San Diego’s NewSchool of Architecture & Design, once a lively ‘idea factory,’ is now struggling to survive



The NewSchool of Architecture & Design, a decades-old “idea factory” that has helped revitalize downtown’s East Village and influenced the larger look and feel of San Diego, is facing an array of problems that threaten the institution’s future.

The Western Association of Schools and Colleges, or WASC, which granted the school accreditation in 2014, said in a recent review that the private, for-profit business “may not have resources sufficient to ensure long term viability if current trends continue.”

The association noted that NewSchool, whose financial health is deeply tied to enrollment, had 368 students this spring, a decline of nearly 190 students since fall 2017. The institute had nearly 700 students in 2011.

The pandemic contributed to the recent drop in enrollment. But reviewers said the slump began well before the onset of COVID-19 and that it is causing financial problems.

“The declines were across multiple programs and for all enrollment status groups,” WASC said in an earlier report, written after reviewers visited NewSchool in the spring.

The reviewers said NewSchool, which was purchased in 2020 by Ambow Education, a company based in China and the Cayman Islands, is lacking in important fundamentals, such as a formal strategic marketing, enrollment and retention plan built on measurable data.

The accrediting group also said it is concerned about the school’s leadership, noting that NewSchool has had one permanent and four interim presidents since 2020, and is currently doing another search for a permanent president.

“In addition, there has been an unusual level of turnover in other key positions at NewSchool,” said WASC.

In November, the assortment of problems led WASC to issue a formal Notice of Concern about the school, which means that it is at risk of failing to comply with one or more of the basic standards that underlie its accreditation.

NewSchool will keep its accreditation for now, although WASC said it won’t give the institute an indefinite amount of time to fix its problems.

NewSchool told the Union-Tribune in a statement that it “has worked collaboratively with WASC to be responsive to the areas that it found needed improvement.

“When (we) acquired the NewSchool in March of 2020, it had been losing money for years and its international owner was considering either closure or sale.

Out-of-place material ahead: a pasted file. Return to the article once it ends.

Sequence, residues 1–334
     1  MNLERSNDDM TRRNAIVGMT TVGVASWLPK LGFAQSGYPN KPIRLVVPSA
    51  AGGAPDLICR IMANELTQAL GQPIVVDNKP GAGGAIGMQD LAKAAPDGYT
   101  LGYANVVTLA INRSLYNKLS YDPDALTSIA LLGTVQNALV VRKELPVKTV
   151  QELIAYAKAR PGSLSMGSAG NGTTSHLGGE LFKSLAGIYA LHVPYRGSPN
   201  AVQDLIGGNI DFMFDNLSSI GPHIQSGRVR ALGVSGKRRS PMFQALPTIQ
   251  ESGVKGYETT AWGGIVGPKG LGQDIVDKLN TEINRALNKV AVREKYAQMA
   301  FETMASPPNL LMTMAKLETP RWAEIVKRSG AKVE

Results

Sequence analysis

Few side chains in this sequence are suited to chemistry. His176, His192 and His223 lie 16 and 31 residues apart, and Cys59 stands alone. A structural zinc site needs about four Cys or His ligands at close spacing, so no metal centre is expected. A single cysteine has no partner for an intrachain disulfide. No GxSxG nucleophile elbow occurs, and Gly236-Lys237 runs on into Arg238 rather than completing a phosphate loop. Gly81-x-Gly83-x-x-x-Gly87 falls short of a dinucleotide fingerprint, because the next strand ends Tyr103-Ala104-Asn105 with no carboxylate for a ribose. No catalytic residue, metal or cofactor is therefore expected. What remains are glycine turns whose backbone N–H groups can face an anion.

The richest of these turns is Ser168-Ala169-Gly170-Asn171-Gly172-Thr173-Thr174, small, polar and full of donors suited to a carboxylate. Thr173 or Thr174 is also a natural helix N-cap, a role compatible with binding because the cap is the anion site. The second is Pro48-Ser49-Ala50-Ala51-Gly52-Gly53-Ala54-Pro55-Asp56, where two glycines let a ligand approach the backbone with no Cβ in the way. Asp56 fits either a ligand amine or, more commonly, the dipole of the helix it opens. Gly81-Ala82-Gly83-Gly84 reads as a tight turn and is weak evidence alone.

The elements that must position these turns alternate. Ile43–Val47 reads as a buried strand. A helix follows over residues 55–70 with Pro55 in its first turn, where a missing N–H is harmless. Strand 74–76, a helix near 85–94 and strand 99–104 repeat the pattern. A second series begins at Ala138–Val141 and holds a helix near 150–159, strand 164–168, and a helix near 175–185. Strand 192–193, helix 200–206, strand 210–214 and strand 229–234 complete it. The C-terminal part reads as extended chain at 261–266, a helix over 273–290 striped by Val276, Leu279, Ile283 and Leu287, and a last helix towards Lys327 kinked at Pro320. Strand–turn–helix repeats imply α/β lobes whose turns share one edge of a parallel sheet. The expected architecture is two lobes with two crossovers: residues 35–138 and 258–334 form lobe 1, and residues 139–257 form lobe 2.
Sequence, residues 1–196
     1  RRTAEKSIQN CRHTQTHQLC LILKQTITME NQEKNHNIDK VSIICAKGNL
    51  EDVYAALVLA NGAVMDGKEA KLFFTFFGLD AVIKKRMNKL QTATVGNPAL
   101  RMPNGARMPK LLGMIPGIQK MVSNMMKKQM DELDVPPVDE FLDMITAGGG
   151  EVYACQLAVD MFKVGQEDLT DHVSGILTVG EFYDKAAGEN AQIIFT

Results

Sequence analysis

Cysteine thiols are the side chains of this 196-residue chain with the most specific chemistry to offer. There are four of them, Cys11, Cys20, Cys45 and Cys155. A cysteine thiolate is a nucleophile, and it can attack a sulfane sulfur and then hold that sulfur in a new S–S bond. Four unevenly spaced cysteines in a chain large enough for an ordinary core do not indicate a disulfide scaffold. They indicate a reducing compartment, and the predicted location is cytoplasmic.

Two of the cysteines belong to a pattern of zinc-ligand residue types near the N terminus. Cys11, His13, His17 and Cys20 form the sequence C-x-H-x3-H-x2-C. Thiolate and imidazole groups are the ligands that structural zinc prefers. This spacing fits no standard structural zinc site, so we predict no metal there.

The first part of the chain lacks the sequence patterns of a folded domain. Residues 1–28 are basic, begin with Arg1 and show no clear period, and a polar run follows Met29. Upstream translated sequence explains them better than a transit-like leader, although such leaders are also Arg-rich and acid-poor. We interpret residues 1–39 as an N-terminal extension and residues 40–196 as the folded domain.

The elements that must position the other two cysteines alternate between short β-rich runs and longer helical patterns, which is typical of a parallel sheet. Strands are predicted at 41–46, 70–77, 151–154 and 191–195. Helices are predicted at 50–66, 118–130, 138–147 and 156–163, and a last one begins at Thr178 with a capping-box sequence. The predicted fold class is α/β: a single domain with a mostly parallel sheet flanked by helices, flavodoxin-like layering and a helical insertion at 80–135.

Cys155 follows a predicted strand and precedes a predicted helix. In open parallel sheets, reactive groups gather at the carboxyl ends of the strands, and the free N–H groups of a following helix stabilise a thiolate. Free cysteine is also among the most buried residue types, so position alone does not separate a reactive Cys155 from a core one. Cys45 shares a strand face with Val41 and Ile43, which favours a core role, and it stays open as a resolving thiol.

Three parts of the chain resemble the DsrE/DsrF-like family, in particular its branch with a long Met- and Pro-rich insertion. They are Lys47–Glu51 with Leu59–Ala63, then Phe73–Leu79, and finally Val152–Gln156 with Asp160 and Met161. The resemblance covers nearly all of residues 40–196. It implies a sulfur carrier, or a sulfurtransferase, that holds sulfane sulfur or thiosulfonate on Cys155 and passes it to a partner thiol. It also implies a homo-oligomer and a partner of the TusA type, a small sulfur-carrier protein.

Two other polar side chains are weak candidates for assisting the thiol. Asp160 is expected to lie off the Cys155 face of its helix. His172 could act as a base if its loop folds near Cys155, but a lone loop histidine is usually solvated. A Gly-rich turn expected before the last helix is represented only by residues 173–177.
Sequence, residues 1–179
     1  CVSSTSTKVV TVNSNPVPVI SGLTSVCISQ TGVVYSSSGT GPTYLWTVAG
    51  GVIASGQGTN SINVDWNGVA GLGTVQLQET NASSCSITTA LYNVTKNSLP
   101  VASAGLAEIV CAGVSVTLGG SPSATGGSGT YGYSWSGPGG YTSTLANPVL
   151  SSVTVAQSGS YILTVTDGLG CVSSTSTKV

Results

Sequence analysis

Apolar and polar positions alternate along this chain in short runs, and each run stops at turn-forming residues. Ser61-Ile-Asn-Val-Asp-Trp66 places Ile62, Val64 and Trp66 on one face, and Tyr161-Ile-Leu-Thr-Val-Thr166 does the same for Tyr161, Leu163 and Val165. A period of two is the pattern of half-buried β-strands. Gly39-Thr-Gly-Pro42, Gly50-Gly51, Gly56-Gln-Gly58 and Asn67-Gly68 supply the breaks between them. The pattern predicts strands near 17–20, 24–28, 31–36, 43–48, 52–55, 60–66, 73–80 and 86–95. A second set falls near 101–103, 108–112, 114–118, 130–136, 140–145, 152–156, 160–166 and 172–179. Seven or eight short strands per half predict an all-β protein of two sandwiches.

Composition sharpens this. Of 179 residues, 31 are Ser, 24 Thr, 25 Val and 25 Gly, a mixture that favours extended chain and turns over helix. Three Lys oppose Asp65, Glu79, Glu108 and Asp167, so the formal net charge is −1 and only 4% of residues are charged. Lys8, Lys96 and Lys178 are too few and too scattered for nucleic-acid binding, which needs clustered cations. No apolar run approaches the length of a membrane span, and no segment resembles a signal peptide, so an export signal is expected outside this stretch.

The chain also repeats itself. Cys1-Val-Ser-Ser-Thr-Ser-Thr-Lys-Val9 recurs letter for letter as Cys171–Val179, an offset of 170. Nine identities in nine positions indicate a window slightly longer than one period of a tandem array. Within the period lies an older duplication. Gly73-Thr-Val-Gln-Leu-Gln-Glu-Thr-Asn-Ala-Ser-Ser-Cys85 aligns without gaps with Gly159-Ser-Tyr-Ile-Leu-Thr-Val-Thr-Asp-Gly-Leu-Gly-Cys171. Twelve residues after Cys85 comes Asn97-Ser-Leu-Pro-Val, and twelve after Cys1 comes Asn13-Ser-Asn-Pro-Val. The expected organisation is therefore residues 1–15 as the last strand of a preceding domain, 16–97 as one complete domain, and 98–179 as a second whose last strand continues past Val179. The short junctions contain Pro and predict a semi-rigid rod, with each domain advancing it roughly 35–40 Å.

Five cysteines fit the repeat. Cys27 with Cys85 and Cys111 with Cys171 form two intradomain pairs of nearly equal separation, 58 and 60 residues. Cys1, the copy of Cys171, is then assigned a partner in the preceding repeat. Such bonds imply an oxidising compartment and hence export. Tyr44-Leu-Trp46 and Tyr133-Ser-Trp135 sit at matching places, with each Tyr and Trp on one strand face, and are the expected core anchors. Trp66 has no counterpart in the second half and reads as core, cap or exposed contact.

“(We) recognized that it would be a long-term investment and indeed have invested millions into the NewSchool since that time. The pandemic and the unexpected departure of a college President have led to some delays, but the turn-around is underway.

“We expected it to be a 4-5 year process and believe that will still be the case.”

The company added that it hopes to name a new permanent president in the spring.

The situation is a source of concern for students; NewSchool is the only well-established institution south of Cal Poly Pomona that offers a full professional degree program in architecture. Its graduates are snapped up by local companies, who are collectively engaged in a major period of expansion and redevelopment downtown and beyond.

NewSchool was founded in Chula Vista in 1980 by Richard Welsh, a local community college instructor who was frustrated that many students found it difficult to gain entrance to architecture programs around the state.

The program grew and was moved to San Diego’s East Village in 1988. At the time, the village was a drab industrial zone composed of warehouses, factories, storage buildings and little else.

NewSchool’s move proved to be a smart one. It came as artists, architects, designers and other creative people were beginning to move into East Village, changing the look and vibe of the area. Eateries also popped up along with single-occupancy residential hotels. Voters supercharged the boom in 1998, approving construction of a new home for the Padres in the village. Petco Park opened in 2004.

“NewSchool’s location gave its student a ready-made opportunity to do all kinds of analysis and planning on what should be done with land in the area,” said Roger Showley of Scripps Ranch, a former Union-Tribune reporter who also is a historian and growth and development expert.

“They were right in the middle of a new frontier in downtown San Diego,” he added.

The school’s focus wasn’t limited to East Village. Over the years, its students have become involved in dozens of development projects in places such as Balboa Park and Mission Valley. It also attracted visits and lectures from some of the region‘s top minds, including Rob Quigley, who conceived the design of San Diego’s new Central Library, and Don Norman, the former Apple executive who founded UC San Diego’s Design Lab.

“This is the kind of community we want to keep at NewSchool,” said Mike Stepner, who has taught there on and off for about 35 years, and previously served as San Diego’s city architect.

That opinion is shared by Steve Altman, who was president of NewSchool from 2006 to 2013.

“If the school wasn’t here students would have to go elsewhere, which would be inconvenient for most of them and bad for many,” he said. “And it would be bad for San Diego. We’d lose their talent and skills, which we rely on to refresh ourselves on a regular basis.


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